Cloud computing continues to grow among businesses the world over, and Amazon have recently taken a big step to keep their offering front of mind for organisations.
Amazon have long been the market leader for public cloud (aka IaaS (Infrastructure as a Service)) with their Amazon Web Services (AWS) offering. Over the last 10 years or so, more and more organisations have been putting more and more resources into the cloud, rather than deploying in on-premises datacentres.
Some people are of the opinion that a business should put EVERYTHING into the cloud, and that there’s no reason to have any on-premises servers at all. For various reasons – security/internal applications/data sovereignty/mistrust of cloud/lack of bandwidth etc. – that approach doesn’t work for many (any?) organisations and so hybrid cloud has been growing in popularity.
Hybrid cloud is the concept of having some resources up in the public cloud whilst other resources remain on-premises, in your datacentre, on your servers. Using the cloud when it makes sense, but not forcing it into places that it clearly doesn’t fit. A sensible, and growing, approach.
It seems that IBM’s acquisition of Red Hat is, at least partially, aimed at the company strengthening their hybrid proposition between on-premises IBM and the newly acquired Red Hat cloud services.
Microsoft, the current #2 in the IaaS market with Microsoft Azure, put their weight behind hybrid cloud with the release of Azure Stack – physical hardware for your on-premises datacentre that runs Azure cloud services.
Amazon have now followed suit with the introduction of “AWS Outposts” which allow you to “run AWS infrastructure on-premises for a truly consistent hybrid experience”. Having both Microsoft and Amazon in this area certainly strengthens the message around hybrid cloud being a long-term option.
Just like Microsoft’s Azure Stack, AWS Outposts allow you to the same tools, features, and functions across the cloud and on-premises. However, Amazon’s offering comes in 2 flavours:
The two companies have been working closely these past couple of years to create “VMware Cloud on AWS” and for these customers, it that can now be brought into the datacentre. Alternatively, for users of “regular” AWS, the Native Outposts will extend that on-premises. In both cases, the same controls and APIs used in the cloud, are used on-premises too.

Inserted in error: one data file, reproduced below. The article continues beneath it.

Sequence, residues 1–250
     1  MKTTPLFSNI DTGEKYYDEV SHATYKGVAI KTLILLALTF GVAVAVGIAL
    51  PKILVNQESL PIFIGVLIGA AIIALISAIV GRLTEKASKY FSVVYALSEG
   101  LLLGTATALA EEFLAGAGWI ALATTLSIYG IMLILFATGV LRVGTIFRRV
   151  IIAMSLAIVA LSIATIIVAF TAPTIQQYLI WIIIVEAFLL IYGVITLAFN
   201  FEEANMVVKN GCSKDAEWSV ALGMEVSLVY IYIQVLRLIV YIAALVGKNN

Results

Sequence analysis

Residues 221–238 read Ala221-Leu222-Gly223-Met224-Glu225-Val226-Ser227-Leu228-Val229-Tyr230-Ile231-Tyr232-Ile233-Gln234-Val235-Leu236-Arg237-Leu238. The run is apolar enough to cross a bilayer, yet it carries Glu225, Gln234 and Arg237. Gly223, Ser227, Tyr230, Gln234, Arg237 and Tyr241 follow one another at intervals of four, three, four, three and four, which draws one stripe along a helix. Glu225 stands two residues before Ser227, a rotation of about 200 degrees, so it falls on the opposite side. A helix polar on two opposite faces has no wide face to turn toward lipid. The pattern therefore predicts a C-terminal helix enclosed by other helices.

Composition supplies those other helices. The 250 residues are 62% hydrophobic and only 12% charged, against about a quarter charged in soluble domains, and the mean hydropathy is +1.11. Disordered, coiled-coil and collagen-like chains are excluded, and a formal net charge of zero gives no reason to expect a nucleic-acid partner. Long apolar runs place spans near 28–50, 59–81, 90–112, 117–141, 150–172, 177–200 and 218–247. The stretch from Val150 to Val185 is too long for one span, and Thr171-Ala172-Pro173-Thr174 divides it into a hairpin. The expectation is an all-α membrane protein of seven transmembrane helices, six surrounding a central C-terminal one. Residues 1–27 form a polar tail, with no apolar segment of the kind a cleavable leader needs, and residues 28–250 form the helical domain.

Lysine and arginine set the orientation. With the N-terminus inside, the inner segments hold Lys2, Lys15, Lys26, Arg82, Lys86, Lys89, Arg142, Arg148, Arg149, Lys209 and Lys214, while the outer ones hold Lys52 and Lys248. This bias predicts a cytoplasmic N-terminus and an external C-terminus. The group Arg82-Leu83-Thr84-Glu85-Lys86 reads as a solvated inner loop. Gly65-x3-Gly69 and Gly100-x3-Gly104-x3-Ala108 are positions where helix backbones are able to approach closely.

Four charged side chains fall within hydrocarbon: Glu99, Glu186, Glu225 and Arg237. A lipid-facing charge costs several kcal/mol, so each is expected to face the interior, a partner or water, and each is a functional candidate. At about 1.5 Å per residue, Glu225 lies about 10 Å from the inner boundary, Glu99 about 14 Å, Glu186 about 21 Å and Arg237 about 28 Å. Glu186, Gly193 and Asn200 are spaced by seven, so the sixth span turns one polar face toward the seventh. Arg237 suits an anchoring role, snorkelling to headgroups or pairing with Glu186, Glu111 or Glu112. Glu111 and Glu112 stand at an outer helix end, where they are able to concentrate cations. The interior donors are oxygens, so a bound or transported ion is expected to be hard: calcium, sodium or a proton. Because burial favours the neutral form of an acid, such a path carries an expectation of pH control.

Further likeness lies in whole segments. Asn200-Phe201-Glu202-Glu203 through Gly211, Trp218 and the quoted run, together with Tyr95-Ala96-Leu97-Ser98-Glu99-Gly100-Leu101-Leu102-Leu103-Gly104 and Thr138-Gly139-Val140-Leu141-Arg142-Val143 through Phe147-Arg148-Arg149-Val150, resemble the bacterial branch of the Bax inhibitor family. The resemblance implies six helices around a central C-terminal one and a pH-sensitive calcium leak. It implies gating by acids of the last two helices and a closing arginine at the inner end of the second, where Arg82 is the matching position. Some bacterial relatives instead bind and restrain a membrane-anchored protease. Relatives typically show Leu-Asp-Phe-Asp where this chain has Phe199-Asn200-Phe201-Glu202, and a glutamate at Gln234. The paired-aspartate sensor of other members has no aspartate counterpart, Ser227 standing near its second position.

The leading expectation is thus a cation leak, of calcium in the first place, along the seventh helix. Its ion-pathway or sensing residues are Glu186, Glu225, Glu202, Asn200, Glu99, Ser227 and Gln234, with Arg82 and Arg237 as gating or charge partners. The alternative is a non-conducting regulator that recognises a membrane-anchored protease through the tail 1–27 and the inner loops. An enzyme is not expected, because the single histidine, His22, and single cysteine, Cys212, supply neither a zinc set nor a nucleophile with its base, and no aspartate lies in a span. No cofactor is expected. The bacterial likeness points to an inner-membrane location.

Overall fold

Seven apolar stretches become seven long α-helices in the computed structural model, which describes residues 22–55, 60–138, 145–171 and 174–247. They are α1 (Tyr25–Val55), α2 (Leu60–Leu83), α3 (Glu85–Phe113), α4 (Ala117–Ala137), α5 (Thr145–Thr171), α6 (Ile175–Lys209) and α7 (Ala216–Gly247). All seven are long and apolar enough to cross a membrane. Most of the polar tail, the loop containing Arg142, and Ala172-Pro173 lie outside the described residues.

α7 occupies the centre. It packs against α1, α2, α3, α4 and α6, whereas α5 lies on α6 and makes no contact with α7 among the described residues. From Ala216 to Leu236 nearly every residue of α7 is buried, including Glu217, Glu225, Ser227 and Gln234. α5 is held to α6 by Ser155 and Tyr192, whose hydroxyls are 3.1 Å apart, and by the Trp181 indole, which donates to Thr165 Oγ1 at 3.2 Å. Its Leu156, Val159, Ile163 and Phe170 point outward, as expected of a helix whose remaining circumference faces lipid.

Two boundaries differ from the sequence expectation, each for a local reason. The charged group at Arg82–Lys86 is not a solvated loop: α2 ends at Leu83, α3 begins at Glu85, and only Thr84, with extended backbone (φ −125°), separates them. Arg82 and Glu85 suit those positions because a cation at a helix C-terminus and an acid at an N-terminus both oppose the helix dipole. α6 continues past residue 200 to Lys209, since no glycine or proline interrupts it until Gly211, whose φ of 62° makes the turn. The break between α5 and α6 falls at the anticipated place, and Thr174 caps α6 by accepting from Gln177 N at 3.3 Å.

What position will vendors take when it comes to licensing? Will they consider an AWS Outpost to be “cloud” or “on-premises” when deciding which use rights apply?
Microsoft count their Azure Stack as being on-premises, meaning you don’t need Software Assurance rights such as “License Mobility through Software Assurance” to run your application licenses in VMs on the hardware. Will they apply the same definition to this offering from their largest rival in the public cloud space?
Back in January 2017, Oracle released a new policy for “Licensing Oracle Software in the Cloud Computing Environment” which applies to “Amazon Web Services” and “Microsoft Azure Platform”, and effectively doubled the cost of running impacted Oracle programs in those cloud environments.
Wil these rules be applied to AWS Outposts (and Azure Stack)? Well, Amazon Outposts will appear under the ECS console and will be able to launch RDS instances, so it seems probable Oracle will look to include Outposts under “Amazon Web Services – Amazon Elastic Compute Cloud (EC2), Amazon Relational Database Service (RDS)” –the definition of the Amazon cloud environment per Oracle’s licensing policy.
However, to be sure, it seems we’ll need to wait for someone with this hardware to be audited by Oracle!
AWS Outposts – https://aws.amazon.com/outposts/
Preview sign-up – https://pages.awscloud.com/outposts-preview.html
Oracle Licensing Policy – https://www.oracle.com/us/corporate/pricing/cloud-licensing-070579.pdf